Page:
If you are a small business looking to be found on search engines, then optimizing your site and brand online is crucial.
Before we get started, I just wanted to make a couple of points clear. First, there is no quick way to get ranked on search engines. Doing SEO takes time, dedication and consistency. Second, always keep in mind that the goal of a search engine is to show the most relevant results and to deliver the best user experience to a searchers query.
It is important that we start with those two points as I will reference both of these throughout the article.
So, if you are reading this article, it means you want to be found by consumers when they search for a product or service that you offer. For small businesses, your goal should be to found on the “local 3 pack” and search engine results.
Local 3 pack refers to the maps that show up typically after paid ads and just before search results. Google usually shows the top 3 local businesses that they deem the most relevant based on what someone searched for. Efforts to optimize your online presence and show up on local map results is often referred to as local SEO.
Search engine results on the other hand gives searchers a set of links to web pages that Google deems the most relevant to the user’s query. These can be links to company websites or articles posted on blogs. It can even lead to directory listings or even job postings. Once again, Google will deliver the results based on what they feel the user’s intention was when they made their query.
Now that we know what we are trying to accomplish, let’s get to it!
Here are some steps on how to rank a small business on Google:
1) Assess your Current Digital Marketing Presence
Before you start making all of these efforts to rank on Google, you should really take a step back to assess where you currently stand.
If you do have a website, you need to make sure that it is mobile friendly and that your speed load times are at a good level.
Why are these important? As stated at the top, Google wants to deliver a good user experience. Fast load times and being able to access your website on a mobile device both equate to a good user experience.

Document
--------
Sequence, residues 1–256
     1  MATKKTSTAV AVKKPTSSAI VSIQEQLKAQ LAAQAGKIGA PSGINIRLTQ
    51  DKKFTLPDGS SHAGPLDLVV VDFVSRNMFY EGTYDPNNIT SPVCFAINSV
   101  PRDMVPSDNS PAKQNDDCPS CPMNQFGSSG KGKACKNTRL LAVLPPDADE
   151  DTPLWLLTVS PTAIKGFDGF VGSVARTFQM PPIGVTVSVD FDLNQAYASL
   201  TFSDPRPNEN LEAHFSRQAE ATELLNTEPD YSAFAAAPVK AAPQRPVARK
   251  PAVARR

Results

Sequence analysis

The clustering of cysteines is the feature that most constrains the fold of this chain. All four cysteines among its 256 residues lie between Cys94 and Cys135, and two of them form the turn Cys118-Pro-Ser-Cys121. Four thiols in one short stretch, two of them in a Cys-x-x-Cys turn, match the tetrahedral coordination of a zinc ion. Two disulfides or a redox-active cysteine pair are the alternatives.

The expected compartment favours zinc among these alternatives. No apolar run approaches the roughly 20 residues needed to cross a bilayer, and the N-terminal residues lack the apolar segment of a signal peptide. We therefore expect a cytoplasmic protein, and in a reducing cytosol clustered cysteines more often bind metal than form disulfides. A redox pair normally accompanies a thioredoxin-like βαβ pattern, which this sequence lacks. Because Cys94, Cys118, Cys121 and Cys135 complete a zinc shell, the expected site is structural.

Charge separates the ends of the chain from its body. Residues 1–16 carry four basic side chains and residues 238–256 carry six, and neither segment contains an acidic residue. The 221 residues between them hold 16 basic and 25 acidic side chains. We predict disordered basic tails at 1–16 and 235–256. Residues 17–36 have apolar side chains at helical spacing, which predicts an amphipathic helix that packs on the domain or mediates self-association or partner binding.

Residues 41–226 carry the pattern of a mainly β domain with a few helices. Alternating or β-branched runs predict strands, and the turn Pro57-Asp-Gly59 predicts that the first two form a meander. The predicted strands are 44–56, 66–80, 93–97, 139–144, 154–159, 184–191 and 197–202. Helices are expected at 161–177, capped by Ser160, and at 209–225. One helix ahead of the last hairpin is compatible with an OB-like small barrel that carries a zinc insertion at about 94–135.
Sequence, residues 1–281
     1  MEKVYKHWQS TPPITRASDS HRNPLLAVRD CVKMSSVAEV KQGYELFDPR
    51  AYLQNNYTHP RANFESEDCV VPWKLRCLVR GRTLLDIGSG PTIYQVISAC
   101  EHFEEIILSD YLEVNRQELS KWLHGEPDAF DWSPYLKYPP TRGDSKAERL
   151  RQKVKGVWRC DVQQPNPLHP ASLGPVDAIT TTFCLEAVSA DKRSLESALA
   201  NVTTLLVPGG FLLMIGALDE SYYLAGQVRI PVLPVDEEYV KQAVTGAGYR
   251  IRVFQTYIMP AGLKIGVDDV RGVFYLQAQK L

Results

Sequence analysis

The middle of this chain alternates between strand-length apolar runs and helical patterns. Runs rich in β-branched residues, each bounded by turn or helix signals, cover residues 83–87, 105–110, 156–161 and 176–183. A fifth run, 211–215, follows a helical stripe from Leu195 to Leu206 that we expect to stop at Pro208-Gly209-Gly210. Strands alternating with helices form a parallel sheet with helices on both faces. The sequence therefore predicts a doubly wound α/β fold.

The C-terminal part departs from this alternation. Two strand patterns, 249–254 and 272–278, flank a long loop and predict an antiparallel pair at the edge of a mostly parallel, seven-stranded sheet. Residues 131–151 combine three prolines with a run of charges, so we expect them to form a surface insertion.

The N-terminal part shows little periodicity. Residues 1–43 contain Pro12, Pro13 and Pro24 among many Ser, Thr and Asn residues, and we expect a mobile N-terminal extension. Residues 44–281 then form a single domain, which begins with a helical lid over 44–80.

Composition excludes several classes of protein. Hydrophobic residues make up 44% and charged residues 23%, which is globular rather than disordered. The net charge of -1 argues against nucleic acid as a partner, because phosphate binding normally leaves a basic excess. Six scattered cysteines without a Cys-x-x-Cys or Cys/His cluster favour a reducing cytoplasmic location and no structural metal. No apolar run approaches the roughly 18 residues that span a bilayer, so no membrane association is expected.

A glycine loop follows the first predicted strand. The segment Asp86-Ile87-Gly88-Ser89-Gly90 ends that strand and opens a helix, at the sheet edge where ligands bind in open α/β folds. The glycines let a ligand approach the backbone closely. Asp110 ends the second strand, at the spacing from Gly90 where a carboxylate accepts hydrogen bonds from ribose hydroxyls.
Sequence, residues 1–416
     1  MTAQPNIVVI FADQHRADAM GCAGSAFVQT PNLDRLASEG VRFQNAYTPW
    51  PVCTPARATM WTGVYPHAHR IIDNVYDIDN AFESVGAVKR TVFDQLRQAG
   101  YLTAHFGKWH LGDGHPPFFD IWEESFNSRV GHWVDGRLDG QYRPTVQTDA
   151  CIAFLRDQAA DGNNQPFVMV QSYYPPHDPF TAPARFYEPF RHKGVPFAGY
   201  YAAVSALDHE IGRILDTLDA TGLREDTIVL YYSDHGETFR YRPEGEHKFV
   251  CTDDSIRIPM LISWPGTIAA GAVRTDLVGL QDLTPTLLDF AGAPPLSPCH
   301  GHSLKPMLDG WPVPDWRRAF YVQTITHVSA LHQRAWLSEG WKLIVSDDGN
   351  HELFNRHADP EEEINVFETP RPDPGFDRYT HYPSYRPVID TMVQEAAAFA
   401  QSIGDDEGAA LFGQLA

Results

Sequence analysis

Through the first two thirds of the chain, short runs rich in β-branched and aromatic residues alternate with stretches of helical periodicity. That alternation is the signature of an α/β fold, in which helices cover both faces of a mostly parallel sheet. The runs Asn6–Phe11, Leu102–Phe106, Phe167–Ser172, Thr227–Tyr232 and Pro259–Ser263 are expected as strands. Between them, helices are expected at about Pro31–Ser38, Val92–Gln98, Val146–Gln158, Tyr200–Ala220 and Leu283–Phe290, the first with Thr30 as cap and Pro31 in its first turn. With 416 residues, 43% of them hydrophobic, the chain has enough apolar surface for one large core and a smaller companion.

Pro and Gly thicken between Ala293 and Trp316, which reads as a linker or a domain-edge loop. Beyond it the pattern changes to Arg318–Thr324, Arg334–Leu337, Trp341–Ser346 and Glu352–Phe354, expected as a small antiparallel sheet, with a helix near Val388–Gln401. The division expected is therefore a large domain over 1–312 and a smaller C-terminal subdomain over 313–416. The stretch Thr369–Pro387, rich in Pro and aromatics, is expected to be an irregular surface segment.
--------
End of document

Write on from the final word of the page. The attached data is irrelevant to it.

Fixing these two areas can make big improvements on how you rank.
Next up, if you are a local business looking to rank on the local 3 pack, let’s make sure you have your Google My Business (GMB) page created and filled out accurately. Create your GMB Page here.
2) On-Page Optimization
Since Google wants to serve up the most relevant results to a search, let’s make sure first off, we are actually delivering the best and most relevant content.
If some of your content is out dated, now would be a good time to update it. Always lay out your content to satisfy questions that your potential customer might be asking about your products, services and even your company.
If you sell multiple products or have various services, it is always best to have separate pages for each one. If for example you are a mortgage broker, you’ll want to have a separate page for mortgage renewals and another page for equity lines of credit. The idea is to attempt to rank each service separately and cater to a searchers query appropriately.
Now that you have your website setup up and ready for search engines to find you, it’s time to optimize the page for Google to better understand what is on it.
There are certain on page components that Google looks at to better understand what is on this page:
- Slug: this is the url extension of the page (ie http://yoursite.com/this-is-the-slug)
- Meta Title: this is what Google shows as the title on their search engine results
- Meta Description: this is the description under the title that Google shows on their results
- H1, H2 and other H Titles: These are titles and subtitles found in your content that your visitors will see
- Alt Image Tags: This is a tag that let’s Google know what this images on your page is about
- Content: pretty straightforward, your content
- Contact Information using Schema Markup: Schema.org (often called Schema) is a specific vocabulary of tags (or microdata) that you can add to your HTML to improve the way your page is represented in SERPs. (source: https://moz.com/learn/seo/schema-structured-data)
When optimizing your page, you want to make sure there is consistency between your meta title, description, tags and in your content. Don’t make it spammy!! Find that right balance between designing for your audience and making sure search engines can read it. When stuck, always go with the design for the audience before the search engine.
3) Directory Listing and Social Media Registration
Previously, we stated that you should want to set a goal of ranking in the top three for your business category. We instructed earlier as well to claim or create your Google My Business (GMB) Page, which is what gets listed in the maps for local searches.